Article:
Saturday, September 16, 2006

Pope and the defence of reason (September 17, 2006)

By Swapan Dasgupta

At the height of the war in Lebanon two months ago, an assortment of Arabs, British Muslims, radical socialists and bleeding heart liberals marched through the streets of London with placards proclaiming “We are all Hezbollah.” Since Pope Benedict XVI delivered his scholarly but contentious lecture in Regensburg last Wednesday, an equally unlikely assortment of individuals bound by a common distaste for Islamist terrorism have been whispering the counter-proclamation: “We are all Papists now.”

Before rushing to take rival positions in the trench warfare of civilisations, it is prudent to remember that the contemporary Islamist assault on the “decadent” West, epitomised by “American imperialism”, has long enjoyed the backing of influential Muslim theologians. This is perhaps the first time that the philosophical gulf between Islam and western civilisation has been delineated by someone who wields authority in the Christian world.

Pope Benedict, unlike many of his colleagues in Rome, has not succumbed to either the pretensions of Christian universalism or the mumbo jumbo of inter-faith dialogue. He has rightly viewed both Christianity and the Catholic Church as load-bearing pillars of Western civilisation. He has disavowed the growing secularisation of national cultures and, by implication, called into question the moral relativism which accompanies the practice of multiculturalism in the EU.

In an article “If Europe Hates Itself” written when he was still Cardinal Ratzinger, the Pope despaired about Europe’s growing inability to distinguish good from evil: “The West reveals … a hatred of itself, which is strange and can only be considered pathological; the West … no longer loves itself; in its own history, it now sees only what is deplorable and destructive, while it is no longer able to perceive what is great and pure.” In November 2004, he despaired that secular ideology which is “imposed through politics… does not give public space to the Catholic or Christian vision (and) runs the risk of becoming something purely private and thus disfigured.”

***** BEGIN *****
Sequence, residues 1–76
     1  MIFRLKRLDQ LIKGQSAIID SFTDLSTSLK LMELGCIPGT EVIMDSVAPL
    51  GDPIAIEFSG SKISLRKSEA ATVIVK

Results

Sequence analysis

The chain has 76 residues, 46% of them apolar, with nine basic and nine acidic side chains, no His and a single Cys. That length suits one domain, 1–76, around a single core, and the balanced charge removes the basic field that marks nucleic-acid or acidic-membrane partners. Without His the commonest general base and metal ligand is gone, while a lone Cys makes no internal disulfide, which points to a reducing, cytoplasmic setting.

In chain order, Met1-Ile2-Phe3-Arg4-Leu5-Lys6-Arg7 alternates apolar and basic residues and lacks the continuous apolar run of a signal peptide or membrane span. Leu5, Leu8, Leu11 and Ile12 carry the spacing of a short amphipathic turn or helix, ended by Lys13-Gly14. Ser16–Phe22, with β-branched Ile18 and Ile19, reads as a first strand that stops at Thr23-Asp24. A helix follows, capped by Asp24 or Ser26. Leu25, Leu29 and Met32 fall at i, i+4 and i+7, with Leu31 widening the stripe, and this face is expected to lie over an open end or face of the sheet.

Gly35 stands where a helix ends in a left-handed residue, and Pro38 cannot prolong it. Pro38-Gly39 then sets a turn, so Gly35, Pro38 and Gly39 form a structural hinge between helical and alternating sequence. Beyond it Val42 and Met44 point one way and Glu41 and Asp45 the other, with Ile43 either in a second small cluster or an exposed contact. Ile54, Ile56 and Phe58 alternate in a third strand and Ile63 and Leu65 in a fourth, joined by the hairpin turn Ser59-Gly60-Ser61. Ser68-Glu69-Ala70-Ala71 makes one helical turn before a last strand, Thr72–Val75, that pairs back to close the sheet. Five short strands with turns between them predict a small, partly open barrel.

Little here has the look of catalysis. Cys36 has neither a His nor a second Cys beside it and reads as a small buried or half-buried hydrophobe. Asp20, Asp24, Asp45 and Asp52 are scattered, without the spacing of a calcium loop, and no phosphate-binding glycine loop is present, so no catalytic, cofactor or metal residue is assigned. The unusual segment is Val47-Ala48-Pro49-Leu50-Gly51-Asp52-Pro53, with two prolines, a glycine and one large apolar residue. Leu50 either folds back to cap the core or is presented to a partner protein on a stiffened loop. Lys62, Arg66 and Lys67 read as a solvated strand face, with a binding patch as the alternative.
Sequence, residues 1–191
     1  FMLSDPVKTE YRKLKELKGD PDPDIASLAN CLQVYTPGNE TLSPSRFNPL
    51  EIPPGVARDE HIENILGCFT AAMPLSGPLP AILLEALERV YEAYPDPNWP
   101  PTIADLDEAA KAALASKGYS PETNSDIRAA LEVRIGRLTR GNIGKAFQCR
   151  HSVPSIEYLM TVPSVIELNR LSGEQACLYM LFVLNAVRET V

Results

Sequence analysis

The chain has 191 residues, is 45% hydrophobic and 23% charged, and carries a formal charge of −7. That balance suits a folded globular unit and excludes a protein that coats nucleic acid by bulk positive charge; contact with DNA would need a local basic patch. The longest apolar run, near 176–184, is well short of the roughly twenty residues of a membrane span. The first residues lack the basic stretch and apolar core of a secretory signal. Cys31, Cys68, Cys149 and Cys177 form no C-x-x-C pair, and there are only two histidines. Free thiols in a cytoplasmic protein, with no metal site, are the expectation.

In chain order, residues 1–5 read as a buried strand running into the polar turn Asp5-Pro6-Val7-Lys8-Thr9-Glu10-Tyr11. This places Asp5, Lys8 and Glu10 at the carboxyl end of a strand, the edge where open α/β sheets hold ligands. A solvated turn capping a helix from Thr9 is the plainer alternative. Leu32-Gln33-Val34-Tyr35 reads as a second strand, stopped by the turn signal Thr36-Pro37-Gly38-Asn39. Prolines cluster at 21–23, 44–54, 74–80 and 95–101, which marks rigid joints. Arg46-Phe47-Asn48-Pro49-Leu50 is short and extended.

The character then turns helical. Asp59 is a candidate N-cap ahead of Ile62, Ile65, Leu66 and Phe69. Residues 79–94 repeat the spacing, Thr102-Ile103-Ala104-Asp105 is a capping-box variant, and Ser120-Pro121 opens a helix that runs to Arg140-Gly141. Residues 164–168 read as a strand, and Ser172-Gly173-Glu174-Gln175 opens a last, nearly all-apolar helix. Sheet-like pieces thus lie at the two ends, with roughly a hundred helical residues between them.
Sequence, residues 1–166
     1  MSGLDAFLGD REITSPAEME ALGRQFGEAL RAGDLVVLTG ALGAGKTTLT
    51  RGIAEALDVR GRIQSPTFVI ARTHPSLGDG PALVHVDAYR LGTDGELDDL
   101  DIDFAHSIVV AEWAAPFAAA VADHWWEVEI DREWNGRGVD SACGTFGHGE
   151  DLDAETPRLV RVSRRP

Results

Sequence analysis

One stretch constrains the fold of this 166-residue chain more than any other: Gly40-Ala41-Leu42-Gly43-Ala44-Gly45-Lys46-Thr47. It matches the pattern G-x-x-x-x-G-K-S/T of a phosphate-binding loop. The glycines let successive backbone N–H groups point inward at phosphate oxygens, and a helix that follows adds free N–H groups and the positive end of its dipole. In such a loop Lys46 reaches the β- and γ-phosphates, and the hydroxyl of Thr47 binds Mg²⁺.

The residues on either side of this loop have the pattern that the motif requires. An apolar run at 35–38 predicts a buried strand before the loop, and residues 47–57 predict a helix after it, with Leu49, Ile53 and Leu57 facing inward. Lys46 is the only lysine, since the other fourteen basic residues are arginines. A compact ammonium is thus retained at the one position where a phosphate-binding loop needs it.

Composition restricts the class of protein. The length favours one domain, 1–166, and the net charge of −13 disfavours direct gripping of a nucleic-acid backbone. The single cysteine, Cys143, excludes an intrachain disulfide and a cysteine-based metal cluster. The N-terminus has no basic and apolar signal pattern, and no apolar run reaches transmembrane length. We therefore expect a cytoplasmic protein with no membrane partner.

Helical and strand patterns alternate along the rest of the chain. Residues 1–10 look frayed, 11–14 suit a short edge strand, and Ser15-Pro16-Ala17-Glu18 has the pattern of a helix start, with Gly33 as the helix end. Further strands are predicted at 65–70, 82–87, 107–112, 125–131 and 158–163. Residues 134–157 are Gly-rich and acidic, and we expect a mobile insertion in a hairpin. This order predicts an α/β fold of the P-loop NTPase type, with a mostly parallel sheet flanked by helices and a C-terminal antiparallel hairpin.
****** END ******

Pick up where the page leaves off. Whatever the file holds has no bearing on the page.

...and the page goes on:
The Regensburg lecture amounted to a Christian critique of the violence that is inherent in political Islam. However, rather than fall back on the politically expedient and customary detachment of Islamism from Islam, the Pope chose to distinguish between Christianity’s reason-based European underpinnings and Islam’s faith-based traditions centred also on literal acceptance of its texts. By implication, his lecture was also an attack on some of the more aggressively evangelical churches found in the US and would have been treated as such if the references to the Byzantine experience had been omitted. In arguing that violence was at odds with reason, the Pope was also tacitly repudiating some of Christianity’s bloody inheritance, but this aspect of his lecture has been overshadowed by the furore over Islamic certitudes.

What the Pope argued last week is not strikingly original. Many of the contemporary critiques of Islam have dwelt at length on the fact that the apparent finality of the Quran has made it difficult for Islam to experience a Reformation. What is also undeniable is that whereas the claims of Islam to be a religion of peace have been unceasingly made, almost all the Islamists have justified their terrorism in terms of religious obligation. Heinous crimes have been committed and justified in the name of religion. Concern has also been voiced that the tenets of brotherhood in Islam do not always extend to non-believers, making them incompatible with multi-religious existence.

These are issue which warrant dispassionate debate and dialogue. The Pope may have been injudicious in citing a 14th century assessment by a Byzantine emperor but the questions he has raised are relevant both in theological and political terms. What is alarming is the fierce reaction to his lecture. They suggest that any debate on Islam based on critical scrutiny is bound to be accompanied by threats and intimidation. Far from encouraging sympathetic understanding of Muslim societies, this climate of intolerance is certain to fuel Islamophobia.

Political correctness necessitates debunking the clash of civilisations but realities on the ground are beginning to suggest otherwise.

(Published in Sunday Pioneer, September 17, 2006)

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